Linings extend the life of the pipe, Cote said, and are less expensive than replacing the pipe entirely — especially when pipes are under roadways. 

It’s expected that pipes will age and need replacing. What is abnormal about Palm Coast’s pipes, Cote said, is that all the pipes in the city were laid down at around the same time by the International Telephone and Telegraph Corporation in the 1970s and '80s.

That means multiple pipes are in danger of failing at once, he said.

"We're at the point where we want to increase our quantity of replacements per year, so our rate of failures doesn't increase," Cote said.

Palm Coast Mayor David Alfin said ITT planned for Palm Coast to have a population of 250,000, but he didn't think anyone could have predicted how quickly it was going to grow over a short period of time. 

"I do believe that the original plan ... never identified a way to pay for the ongoing maintenance and repair of aging infrastructure," he said. "This city is suffering from aging bones, which we're not well prepared for."


Cote said staff has already tried to find creative solutions for funding the stormwater projects and the road maintenance program to avoid tax increases or fees.

“They're my tax dollars too,” Cote said. “We look hard at every penny we spend. We're not looking to be wasteful at all.”

 Alfin said he thinks the city’s staff is already doing an exceptional job counting every penny. 

“I would put our staff up against any staff in any city throughout the state, in terms of their efficiency, their creativity, and their work ethic,” Alfin said.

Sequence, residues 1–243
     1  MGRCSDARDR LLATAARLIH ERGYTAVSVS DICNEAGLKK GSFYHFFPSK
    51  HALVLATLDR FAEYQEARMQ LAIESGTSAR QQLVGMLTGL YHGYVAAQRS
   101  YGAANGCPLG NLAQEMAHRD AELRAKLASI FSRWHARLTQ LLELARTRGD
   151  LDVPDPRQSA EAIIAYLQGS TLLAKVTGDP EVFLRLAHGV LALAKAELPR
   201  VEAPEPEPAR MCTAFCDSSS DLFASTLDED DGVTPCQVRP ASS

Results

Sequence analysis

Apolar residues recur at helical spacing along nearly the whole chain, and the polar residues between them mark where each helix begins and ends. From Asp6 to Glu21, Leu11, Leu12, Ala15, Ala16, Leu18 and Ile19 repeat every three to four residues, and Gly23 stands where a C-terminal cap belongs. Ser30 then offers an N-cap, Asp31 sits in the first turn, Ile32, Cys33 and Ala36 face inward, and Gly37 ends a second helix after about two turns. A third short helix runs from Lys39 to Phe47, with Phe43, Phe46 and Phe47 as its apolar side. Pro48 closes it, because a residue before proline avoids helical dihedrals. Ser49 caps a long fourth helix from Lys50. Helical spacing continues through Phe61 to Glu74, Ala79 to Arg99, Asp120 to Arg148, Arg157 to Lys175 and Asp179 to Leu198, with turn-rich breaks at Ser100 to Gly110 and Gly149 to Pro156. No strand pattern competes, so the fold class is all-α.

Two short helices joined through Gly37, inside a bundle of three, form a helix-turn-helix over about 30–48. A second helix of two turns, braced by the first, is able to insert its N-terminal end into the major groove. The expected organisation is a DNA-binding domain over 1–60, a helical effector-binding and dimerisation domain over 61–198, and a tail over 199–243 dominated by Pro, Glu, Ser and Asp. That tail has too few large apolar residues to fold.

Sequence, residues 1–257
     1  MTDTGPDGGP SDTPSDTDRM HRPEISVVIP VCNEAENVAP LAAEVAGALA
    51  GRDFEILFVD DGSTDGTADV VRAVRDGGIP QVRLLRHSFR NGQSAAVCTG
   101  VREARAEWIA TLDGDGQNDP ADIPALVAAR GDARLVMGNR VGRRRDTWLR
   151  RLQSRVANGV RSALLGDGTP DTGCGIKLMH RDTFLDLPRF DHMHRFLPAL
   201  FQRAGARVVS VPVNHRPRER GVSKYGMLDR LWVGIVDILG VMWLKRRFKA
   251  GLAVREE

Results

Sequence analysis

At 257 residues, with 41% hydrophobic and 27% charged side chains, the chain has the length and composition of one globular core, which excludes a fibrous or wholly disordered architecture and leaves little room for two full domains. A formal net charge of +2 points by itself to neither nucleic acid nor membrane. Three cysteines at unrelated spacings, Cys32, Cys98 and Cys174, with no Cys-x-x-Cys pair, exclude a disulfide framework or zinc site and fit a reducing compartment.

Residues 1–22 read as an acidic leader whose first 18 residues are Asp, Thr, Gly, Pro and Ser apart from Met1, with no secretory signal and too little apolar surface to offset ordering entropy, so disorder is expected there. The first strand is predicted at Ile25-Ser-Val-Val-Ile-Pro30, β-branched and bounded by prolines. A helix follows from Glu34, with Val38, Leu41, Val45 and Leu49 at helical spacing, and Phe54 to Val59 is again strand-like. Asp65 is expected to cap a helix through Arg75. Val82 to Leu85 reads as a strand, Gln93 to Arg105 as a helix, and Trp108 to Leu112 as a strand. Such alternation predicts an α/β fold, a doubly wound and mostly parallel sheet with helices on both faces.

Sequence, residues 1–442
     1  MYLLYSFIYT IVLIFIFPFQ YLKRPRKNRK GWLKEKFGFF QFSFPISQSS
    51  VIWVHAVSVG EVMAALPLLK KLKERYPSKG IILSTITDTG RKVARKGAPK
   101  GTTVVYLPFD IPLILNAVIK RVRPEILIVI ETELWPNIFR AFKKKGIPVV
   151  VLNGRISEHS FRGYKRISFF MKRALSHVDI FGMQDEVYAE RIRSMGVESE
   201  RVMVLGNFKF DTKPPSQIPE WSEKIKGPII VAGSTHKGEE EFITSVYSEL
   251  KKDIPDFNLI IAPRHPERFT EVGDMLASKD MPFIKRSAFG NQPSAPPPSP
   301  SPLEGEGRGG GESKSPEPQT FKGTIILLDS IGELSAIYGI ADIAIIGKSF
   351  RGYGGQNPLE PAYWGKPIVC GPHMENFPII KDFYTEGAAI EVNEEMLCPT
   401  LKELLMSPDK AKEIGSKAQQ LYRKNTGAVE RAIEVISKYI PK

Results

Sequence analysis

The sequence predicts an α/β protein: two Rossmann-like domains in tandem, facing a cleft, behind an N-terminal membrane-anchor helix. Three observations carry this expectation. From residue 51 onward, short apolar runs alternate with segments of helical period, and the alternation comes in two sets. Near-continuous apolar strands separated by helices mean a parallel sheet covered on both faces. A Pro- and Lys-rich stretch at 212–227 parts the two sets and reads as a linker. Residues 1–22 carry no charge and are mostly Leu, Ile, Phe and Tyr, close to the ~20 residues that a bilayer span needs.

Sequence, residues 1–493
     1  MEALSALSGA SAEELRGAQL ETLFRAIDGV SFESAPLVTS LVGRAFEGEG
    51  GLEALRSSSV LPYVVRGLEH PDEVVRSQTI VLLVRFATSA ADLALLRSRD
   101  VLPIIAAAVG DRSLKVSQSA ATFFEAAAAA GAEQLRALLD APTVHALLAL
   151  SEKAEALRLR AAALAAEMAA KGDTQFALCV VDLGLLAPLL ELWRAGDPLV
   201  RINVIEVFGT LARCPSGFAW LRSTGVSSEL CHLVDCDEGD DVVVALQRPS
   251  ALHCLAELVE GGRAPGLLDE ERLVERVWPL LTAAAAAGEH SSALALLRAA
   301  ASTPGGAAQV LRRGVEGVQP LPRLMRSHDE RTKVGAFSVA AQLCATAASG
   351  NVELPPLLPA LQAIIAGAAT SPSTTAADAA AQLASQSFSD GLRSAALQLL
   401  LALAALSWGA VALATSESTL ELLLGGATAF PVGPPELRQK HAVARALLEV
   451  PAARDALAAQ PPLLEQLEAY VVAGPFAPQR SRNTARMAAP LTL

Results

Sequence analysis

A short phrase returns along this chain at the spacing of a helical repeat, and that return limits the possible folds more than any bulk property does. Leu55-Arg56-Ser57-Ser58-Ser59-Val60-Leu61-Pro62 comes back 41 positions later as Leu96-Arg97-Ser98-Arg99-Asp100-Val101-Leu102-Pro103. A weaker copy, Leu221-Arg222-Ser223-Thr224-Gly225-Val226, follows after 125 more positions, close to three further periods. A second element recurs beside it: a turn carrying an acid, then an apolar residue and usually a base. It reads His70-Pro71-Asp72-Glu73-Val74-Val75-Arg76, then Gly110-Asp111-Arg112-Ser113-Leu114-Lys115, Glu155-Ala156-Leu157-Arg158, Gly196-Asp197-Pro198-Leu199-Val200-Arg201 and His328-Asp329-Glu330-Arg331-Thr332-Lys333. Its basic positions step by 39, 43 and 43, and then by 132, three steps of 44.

But not all City Council members agree. 

In a May 16 City Council meeting, the council approved another increase to residents’ monthly utility bill to fund pipe maintenance.

 On Oct. 1, the monthly utility bill will go up to $28.34 from $22.07 and increase every year over the next five years.

Vice Mayor Ed Danko and Council Member Cathy Heighter both voted against the stormwater rate hike.

“... My suggestion is do what the rest of us are doing,” Danko said at the meeting. “Learn how to tighten your belts; learn how not to waste money.”

Nobody at the city — staff or council members — wants to increase taxes, Alfin said. But he hopes the city won’t need to.

On June 13, the City Council will hear a presentation from the county's property appraiser on property taxes and the millage rate for the fiscal year 2024 budget. 

Alfin said he wants to know how much money Palm Coast will receive from new construction and new residents.

"That would not constitute a tax increase. Those would be new taxes," he said. "That's one of the benefits of growing — that you have new tax dollars that were not part of the prior budget."

Based on Palm Coast's growth rate, Alfin said, that may be a significant amount of revenue. 

Regardless, he said, he will not compromise on safety.

“I will not sacrifice public safety," Alfin said. "Those are, in my opinion, at the very heart of every possible component of quality of life.”